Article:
The Treasury is busy spinning the latest income tax receipt figures as proof that it was right to abolish the 50p rate. Last month the new top rate of 45p raised £11.5bn, £1.3bn more than its predecessor. Do lower rates, as the right has long claimed, produce higher revenues?
The spike in tax receipts is most likely due to the income shifted from last year to this year in order to benefit from the lower rate. As the Institute for Fiscal Studies notes: "Receipts in April will have been boosted by high income individuals shifting income such as bonuses and special dividends from 2012–13 to 2013–14 in anticipation of the fall in the top rate of income tax from 50 per cent to 45 per cent".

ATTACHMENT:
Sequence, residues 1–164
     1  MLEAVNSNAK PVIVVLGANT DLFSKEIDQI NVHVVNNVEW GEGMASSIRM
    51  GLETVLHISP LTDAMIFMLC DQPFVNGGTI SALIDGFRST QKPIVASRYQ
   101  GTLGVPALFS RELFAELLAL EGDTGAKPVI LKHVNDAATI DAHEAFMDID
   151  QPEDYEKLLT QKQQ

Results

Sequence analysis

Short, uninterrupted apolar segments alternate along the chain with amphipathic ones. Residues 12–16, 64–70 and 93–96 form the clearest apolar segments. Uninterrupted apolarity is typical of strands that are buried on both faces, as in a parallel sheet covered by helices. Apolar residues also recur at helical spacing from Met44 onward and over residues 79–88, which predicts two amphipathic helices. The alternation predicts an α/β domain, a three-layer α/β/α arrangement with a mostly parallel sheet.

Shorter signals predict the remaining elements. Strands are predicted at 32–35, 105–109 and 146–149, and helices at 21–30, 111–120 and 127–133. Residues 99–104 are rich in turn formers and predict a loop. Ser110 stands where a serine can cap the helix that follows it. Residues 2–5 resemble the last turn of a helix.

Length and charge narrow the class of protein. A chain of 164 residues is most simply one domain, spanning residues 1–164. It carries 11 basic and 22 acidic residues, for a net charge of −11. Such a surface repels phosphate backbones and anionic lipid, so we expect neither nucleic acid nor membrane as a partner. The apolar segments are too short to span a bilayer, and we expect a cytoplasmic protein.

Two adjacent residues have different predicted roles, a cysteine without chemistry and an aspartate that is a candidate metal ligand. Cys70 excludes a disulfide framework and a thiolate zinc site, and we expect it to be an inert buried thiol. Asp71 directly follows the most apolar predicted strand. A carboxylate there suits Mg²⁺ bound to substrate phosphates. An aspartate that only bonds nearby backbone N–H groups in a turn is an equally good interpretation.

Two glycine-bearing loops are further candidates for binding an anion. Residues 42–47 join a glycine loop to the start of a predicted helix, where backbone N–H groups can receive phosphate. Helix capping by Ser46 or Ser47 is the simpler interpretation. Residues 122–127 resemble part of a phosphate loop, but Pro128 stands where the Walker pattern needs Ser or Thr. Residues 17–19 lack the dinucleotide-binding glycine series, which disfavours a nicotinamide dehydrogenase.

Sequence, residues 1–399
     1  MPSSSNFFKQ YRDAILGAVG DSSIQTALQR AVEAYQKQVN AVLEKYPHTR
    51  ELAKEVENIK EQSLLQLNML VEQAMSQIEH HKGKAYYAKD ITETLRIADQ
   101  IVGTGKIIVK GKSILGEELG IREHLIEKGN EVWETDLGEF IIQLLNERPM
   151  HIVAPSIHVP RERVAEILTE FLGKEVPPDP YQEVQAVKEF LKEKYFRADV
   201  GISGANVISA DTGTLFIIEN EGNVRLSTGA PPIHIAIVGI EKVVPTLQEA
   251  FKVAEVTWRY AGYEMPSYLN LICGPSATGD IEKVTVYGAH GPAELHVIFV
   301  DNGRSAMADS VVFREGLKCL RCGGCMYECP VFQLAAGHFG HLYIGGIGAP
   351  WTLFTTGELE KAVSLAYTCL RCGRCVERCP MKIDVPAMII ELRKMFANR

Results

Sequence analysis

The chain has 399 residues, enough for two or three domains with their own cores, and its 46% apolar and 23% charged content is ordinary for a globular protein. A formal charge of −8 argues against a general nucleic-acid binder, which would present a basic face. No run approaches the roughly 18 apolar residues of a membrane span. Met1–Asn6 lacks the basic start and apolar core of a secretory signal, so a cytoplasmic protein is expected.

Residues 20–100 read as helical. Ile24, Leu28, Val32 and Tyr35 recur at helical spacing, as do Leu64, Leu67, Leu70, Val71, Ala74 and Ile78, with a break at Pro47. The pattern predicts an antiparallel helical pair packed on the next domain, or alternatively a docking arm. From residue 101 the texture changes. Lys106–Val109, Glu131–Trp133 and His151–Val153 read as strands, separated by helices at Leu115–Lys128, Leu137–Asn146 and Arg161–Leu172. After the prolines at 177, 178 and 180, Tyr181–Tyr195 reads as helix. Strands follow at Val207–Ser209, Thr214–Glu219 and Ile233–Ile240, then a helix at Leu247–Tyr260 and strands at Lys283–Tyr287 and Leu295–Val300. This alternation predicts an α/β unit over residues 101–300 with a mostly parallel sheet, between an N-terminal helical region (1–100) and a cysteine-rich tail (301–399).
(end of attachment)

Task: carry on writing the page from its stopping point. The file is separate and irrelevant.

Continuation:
This, of course, is a trick the rich can only play once, just as, in the opposite direction, they shifted £16bn into the previous tax year when the rate was still 40p. This, of course, was precisely George Osborne's intention. Having falsely claimed that the anomalous first year of the 50p rate proved that it was ineffective, he will now use the anomalous first year of the 45p rate to argue that he was right to scrap it. How much would the 50p rate have raised? We'll never know; George Osborne cancelled the experiment.